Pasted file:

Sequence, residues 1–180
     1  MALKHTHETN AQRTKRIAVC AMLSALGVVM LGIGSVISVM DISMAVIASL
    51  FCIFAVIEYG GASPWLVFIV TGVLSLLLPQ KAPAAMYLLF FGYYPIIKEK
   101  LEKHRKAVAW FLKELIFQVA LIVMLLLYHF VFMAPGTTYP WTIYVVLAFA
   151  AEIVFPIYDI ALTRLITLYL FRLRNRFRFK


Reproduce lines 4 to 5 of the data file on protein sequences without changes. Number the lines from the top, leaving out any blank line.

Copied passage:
   101  LEKHRKAVAW FLKELIFQVA LIVMLLLYHF VFMAPGTTYP WTIYVVLAFA
   151  AEIVFPIYDI ALTRLITLYL FRLRNRFRFK